Author: Johanna Järvinen Taubert

In the Finnish general upper secondary school (high school) curriculum, philosophy is one of the mandatory subjects. Philosophy is not only seen as part of the shared, cultural knowledge everyone should have an understanding of, but also a way to develop much needed thinking skills. Studying philosophy develops judgement and promotes the development of critical, creative and independent thinking. Philosophy supports the students in forming justified, independent views and their ability to participate in rational discussion.

Essential part of the studying philosophy is to learn critical thinking. It is vital that students will learn to investigate the arguments presented to them, formulate and justify their own views, and to respect other reasoned views. Studying philosophy supports the students’ growth into active and responsible citizens with respect for one another.

When teaching philosophy, I consider encouraging students’ own thinking, logical argumentation and rational, respective conversation to be the most important goals.

In the Finnish national core curriculum for high schools (general upper secondary schools), there is compulsory philosophy course called Introduction to philosophical thinking. One of the objectives of the course is that the student “learns to evaluate the truthfulness of statements and develops skills in presenting and demanding justifications for different opinions and statements as well as perceiving the structure of presented justifications and evaluating their validity”. One of the core contents of the course is “the difference between knowledge and information, practical and scientific knowledge, and science and pseudoscience”.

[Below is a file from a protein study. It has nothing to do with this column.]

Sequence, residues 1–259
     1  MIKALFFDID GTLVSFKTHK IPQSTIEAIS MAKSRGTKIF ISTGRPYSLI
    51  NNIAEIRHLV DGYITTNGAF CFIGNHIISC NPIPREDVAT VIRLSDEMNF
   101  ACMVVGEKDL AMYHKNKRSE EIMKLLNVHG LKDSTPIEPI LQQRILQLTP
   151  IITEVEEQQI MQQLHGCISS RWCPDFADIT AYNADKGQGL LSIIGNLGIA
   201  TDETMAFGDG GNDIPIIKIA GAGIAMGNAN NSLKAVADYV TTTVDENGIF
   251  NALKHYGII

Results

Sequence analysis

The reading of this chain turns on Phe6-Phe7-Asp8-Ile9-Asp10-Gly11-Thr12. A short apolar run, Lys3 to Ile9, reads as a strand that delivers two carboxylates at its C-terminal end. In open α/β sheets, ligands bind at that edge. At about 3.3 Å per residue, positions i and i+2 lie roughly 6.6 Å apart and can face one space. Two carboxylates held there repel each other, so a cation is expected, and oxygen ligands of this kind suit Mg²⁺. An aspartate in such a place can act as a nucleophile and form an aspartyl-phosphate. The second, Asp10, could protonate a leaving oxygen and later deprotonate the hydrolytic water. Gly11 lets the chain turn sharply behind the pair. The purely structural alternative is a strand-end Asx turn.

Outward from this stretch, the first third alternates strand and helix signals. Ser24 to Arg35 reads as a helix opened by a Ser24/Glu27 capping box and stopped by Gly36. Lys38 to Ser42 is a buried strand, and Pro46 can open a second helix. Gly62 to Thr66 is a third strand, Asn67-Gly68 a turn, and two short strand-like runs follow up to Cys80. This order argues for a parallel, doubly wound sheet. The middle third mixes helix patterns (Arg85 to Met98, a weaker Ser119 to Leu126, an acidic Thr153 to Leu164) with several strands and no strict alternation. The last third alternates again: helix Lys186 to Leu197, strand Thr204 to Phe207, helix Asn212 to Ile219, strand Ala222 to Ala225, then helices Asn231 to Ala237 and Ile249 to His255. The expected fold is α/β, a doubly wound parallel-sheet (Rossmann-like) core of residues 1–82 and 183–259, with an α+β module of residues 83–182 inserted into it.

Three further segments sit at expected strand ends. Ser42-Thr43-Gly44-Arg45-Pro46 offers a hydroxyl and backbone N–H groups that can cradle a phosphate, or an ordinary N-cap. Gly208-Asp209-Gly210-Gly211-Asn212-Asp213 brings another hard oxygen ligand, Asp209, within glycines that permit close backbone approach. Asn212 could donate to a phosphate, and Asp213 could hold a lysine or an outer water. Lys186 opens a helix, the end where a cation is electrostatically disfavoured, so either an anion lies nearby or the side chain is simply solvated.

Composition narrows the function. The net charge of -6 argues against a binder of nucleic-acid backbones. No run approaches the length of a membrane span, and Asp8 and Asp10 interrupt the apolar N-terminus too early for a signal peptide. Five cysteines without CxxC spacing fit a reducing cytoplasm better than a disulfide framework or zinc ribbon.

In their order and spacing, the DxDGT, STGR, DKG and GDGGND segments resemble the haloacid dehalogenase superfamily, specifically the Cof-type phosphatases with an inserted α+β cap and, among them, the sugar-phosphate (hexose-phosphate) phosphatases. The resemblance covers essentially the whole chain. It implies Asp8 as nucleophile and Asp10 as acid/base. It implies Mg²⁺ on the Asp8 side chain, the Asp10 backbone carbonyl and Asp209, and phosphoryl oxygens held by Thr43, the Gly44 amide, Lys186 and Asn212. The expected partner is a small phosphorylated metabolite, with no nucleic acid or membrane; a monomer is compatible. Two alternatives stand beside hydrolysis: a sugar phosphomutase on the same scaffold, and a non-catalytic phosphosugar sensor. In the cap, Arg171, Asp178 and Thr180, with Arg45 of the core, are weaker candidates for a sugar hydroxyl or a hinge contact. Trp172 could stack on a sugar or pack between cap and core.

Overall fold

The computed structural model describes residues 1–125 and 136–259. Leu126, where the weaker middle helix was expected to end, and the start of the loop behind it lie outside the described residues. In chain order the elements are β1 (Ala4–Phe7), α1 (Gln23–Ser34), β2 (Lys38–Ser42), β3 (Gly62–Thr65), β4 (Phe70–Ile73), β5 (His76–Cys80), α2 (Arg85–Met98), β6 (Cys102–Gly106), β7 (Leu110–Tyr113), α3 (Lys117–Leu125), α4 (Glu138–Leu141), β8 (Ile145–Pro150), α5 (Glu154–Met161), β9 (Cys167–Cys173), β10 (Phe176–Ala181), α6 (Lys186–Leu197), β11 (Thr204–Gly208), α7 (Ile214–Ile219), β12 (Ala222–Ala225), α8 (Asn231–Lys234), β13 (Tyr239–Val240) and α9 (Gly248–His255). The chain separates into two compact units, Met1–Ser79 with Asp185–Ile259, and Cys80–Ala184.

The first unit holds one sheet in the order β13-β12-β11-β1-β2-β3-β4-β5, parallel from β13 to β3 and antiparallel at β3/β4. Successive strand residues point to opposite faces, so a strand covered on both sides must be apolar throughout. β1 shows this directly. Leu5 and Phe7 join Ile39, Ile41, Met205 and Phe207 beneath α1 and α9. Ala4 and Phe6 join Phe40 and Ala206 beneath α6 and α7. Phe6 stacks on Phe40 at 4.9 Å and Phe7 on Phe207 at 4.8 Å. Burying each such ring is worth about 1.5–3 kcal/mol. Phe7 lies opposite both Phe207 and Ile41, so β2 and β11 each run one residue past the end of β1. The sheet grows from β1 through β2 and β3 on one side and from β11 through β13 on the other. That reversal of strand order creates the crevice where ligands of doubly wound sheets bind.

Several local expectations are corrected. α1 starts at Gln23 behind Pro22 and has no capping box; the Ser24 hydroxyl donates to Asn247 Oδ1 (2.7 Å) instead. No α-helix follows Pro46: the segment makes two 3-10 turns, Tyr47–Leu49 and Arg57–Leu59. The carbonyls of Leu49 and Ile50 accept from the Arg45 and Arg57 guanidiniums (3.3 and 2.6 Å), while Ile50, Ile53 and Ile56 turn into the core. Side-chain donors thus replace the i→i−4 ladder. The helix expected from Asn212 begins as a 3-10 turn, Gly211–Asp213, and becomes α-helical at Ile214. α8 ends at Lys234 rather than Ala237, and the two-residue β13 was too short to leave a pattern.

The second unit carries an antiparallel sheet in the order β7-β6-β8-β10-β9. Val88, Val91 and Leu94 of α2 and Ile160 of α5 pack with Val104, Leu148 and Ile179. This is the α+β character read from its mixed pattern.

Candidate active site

The topic of my lesson is “The difference between science and pseudoscience”. During this lesson we start to investigate the difference between science and pseudo-science. The length of this lesson is 75 minutes, which is the typical length of lessons in Finnish high schools. I’ve used LessonApp Premium to plan this lesson. You can find the whole plan and more detailed method discriptions in LessonApp. (download LessonApp here)

1. Orientation to the topic (20 min)

Method used: Lines

Students are divided into groups of 4 by using cut postcards.

There is a line marked on the students’ school desks by tape with two extremities. One end of the line is “Scientifically-proven”, the other “Pseudo-science, not proven scientifically”.

Students get a set of arguments they face often in news or social media. Students must consider, if they think this statement is scientifically-proven or not (more like pseudo-science) or something in between and position their view on the line accordingly. Students place their pen or some other small item on their chosen position on the line and then discuss together, why they think this argument is scientifically-proven, pseudo-science or something in between. If they hear an argument that changes their view on the topic, they can change their position on the line. The goal of this exercise is to orientate students to the topic: to encourage them to think, how do we know, if arguments often presented in media are scientifically-proven or just beliefs. The exercise also aims to help students to learn to recognize trustworthy arguments and to carefully listen and analyze arguments presented by others.

2. Aquiring new information 45 min

Method used: Jigsaw (applied)

Teacher will give a small introduction (5 min) of the debate between science and pseudo-science: how it is seen in our society, why is it relevant etc. Teacher will also explain the purpose of the next exercise: to help students to understand the fundamental differences between science and pseudo-science and to be able to investigate, if some arguments and theories are scientifically valid or not.